What is an informal interview and how can you succeed at one?

We delve into the world of informal interviews for graduate jobs, describing what an informal interview is, how to prepare for and what you can expect at one, and how to make your informal interview a success.

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What is an informal interview?

An informal interview, also known as a conversational or informal chat interview, is a non-formal job interview, often held in a neutral setting such as a café, usually over food or drink. Informal interviews can also be virtual . If you are invited to ‘come in to have an informal chat about the role/learn more about the role' or to see 'how the role could work for you', it is likely to be an informal interview. They are less likely to be part of the formal graduate recruitment process for a large company; where they do occur, they are usually conducted at the end or the beginning of the recruitment process. They are most likely to happen for part-time jobs and entry-level roles at smaller organisations.

Is an informal interview a good sign?

Yes. In a nutshell, it means an employer wants to meet you. It is natural to wonder why the interview is classed as 'informal', however. The popularity of informal interviews has increased in recent years, in part because many employers are keen to highlight their relaxed company culture to prospective employees. There are other reasons for informal interviews (all good!), however, such as:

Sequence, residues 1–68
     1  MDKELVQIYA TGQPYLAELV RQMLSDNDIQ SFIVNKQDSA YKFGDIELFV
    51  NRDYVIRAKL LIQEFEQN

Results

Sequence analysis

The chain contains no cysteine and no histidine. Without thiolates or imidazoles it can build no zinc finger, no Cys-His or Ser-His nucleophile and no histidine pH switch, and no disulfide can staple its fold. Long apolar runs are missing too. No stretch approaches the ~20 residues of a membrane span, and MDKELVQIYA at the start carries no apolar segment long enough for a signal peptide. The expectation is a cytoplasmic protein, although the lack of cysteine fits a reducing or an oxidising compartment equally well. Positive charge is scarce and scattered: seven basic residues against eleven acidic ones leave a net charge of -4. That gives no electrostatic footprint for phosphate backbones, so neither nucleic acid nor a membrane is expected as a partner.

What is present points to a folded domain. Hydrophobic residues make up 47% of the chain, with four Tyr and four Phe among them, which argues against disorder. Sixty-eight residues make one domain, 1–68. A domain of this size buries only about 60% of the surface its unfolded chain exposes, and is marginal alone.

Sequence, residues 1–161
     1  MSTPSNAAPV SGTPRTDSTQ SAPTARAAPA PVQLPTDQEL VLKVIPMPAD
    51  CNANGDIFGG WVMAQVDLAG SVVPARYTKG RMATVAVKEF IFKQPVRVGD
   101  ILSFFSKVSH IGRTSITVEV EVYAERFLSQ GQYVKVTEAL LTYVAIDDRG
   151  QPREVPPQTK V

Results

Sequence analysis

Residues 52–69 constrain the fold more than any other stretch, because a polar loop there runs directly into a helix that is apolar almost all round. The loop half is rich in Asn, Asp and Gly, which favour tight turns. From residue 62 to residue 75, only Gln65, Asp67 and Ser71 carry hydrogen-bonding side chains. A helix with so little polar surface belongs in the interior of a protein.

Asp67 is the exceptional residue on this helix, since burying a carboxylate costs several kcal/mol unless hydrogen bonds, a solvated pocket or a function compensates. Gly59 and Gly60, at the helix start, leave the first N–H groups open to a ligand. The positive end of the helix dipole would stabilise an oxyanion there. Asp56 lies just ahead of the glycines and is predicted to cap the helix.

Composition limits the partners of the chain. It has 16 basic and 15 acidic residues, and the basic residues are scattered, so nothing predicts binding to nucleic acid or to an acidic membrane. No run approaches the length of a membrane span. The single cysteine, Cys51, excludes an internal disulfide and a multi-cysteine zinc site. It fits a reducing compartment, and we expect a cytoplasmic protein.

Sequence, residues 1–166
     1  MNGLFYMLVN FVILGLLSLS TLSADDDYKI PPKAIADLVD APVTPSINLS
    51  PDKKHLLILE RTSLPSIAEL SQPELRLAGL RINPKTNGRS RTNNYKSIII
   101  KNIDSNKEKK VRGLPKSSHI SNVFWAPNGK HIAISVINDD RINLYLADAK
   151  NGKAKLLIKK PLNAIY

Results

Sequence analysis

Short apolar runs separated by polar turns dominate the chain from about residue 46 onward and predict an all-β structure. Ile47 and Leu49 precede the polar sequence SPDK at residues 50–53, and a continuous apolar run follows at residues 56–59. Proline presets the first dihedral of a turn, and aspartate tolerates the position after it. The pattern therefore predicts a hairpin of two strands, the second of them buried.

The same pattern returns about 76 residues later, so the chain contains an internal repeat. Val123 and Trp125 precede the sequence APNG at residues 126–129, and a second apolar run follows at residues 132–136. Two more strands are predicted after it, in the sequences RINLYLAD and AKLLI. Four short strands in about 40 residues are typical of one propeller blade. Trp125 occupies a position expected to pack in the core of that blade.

• to help the employer flesh out a job role they haven’t completely decided on, by assessing what skills different candidates could bring to the company – it could be that the employer is unsure whether the role should be aimed at a fresh graduate or someone with more experience
  • because you have sent in a speculative application and, although there is no role available for you currently, employers are impressed enough to want to get to know you in case one becomes available
  • there are multiple job roles on offer and recruiters are not sure which you’d be best suited for
  • as an initial screening process, to ascertain if it’s worth your and their time to continue with the application process
  • at the end of the recruitment process, when employers want to make 100% sure that strong candidates are a good ‘fit’ for the company.

What should I expect at an informal interview?

First, the logistics. Although it can be held at an employer’s office, the location of the interview will often be a neutral place. Recruiters will probably foot the bill for any food or drink, but be sure to take your own money just in case. You may be wondering what to wear for an informal interview – generally speaking, full business attire is not necessary. A smart, clean outfit should be fine. If in doubt, take a look at the images of the workplace on the organisation’s website.

An informal interview – its overall tone – will feel like more of a conversation than a formal Q&A session. You are likely to talk more and be able to ask more questions than you would in a classic interview. Be prepared to fill in any silences. You may learn more personal information about the interviewer, and exchange more about yourself, than you would in a formal setting.

What questions will I be asked at an informal interview?

Expect questions to be very similar to those you’d be asked at a formal graduate interview , but phrased more casually – because of this, you may find you have to be proactive and look out for opportunities to showcase your skills. For example, an employer might comment that they value colleagues who are not scared to make decisions – this would be a good chance for you to tell them about an effective decision you made recently.